RBI Phases Out Incremental Cash Reserve Ratio: How Will It Impact Deposits And Loans?

RBI has initiated a phased withdrawal of the incremental cash reserve ratio (I-CRR). Read on to know its impact on depositors and borrowers.
RBI Phases Out Incremental Cash Reserve Ratio: How Will It Impact Deposits And Loans?
RBI Phases Out Incremental Cash Reserve Ratio: How Will It Impact Deposits And Loans?

The Reserve Bank of India (RBI) announced the discontinuation of the Incremental Cash Reserve Ratio (I-CRR) on September 8. “On a review, it has been decided to discontinue the I-CRR in a phased manner,” the central bank said in a press release.

To understand what ICRR is and how it is different from the cash reserve ratio (CRR), read here.

RBI plans to discontinue I-CRR in a phased manner to manage system liquidity without disrupting the money markets. On September 9, it will release 25 per cent of I-CRR, another 25 per cent on September 23, 2023, and the remaining 50 per cent on October 7, 2023.

I-CRR, introduced on August 12, mandated banks to keep a 10 per cent incremental cash reserve ratio as part of RBI’s strategy to absorb excess liquidity from the banking system following the withdrawal of the Rs 2,000 currency notes.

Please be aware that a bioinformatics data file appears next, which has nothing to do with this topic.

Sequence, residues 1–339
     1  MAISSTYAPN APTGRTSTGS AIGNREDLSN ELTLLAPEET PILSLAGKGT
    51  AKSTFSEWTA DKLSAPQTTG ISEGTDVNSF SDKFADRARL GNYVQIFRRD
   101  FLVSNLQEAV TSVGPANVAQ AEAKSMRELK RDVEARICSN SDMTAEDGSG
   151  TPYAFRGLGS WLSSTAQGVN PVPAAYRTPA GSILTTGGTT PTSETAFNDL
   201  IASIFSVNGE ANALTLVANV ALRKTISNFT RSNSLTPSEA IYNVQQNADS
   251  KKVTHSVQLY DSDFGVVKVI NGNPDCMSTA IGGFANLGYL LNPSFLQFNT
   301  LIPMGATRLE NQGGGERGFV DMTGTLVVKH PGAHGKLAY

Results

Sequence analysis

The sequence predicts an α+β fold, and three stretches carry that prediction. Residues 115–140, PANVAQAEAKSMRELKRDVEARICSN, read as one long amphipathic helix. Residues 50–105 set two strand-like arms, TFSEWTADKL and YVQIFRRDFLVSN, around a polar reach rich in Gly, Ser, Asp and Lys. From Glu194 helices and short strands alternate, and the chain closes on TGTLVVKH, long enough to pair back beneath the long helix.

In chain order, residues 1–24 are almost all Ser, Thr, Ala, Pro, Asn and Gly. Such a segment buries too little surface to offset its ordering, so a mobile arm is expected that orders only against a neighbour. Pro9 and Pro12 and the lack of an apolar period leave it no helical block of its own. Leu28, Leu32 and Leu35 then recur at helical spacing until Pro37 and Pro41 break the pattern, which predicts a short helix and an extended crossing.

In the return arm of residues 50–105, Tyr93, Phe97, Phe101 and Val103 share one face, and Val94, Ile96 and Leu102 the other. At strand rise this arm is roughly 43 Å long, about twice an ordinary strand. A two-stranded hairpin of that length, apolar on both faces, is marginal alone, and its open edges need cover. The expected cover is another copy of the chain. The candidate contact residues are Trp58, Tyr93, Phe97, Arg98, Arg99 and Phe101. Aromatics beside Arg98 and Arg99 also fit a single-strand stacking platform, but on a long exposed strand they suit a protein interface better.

What It Means for You

Manoranjan Sharma, chief economist at Infomerics Ratings, believes that RBI's phased approach to discontinuing I-CRR is a prudent move. “Now that surplus liquidity has dissipated and the festival October-December season is on, this is welcome, particularly because historically, liquidity gets squeezed in October-December," he said.

“In the short and medium-term, this decision will not impact the rate of interest on deposits significantly because liquidity conditions, asset-liability mismatches, credit deployment opportunities, balance-sheet size and its composition are major factors influencing deposit interest rates in the deregulated commercial banking environment. However, its long-term impact is uncertain,” he added.

Sharma adds, “This decision is likely to benefit borrowers because loan pricing may not rise. In India’s commercial banking system, there is often an asymmetry in the pricing of deposits and loans. During liquidity shortages historically, loan rates tend to rise rapidly, whereas it is not always so the other way round.”

Says Biju E Punnachalil, chief risk officer of South Indian Bank, “RBI has multiple tools to suck out liquidity. One day before the review of ICRR, RBI had announced a 14-day Term Variable Rate Reverse Repo Auction with a notified amount of up to Rs. 50,000 crores, which implied the phasing out of ICRR. The auction was conducted on September 8, and Rs 18,670 crores was

accepted at 6.49 per cent. As we are nearing the advance tax payment date and festival season, a more elastic way of sucking out excess liquidity is a better option. Also, banks will earn a return on the funds placed with RBI under Term Reverse Repo, unlike zero return ICRR. Since it is margin-positive for banks compared to ICRR, it will be good for both depositors and borrowers. We can expect more such Term Reverse Repo Auctions in the coming fortnights, based on the system liquidity levels.”

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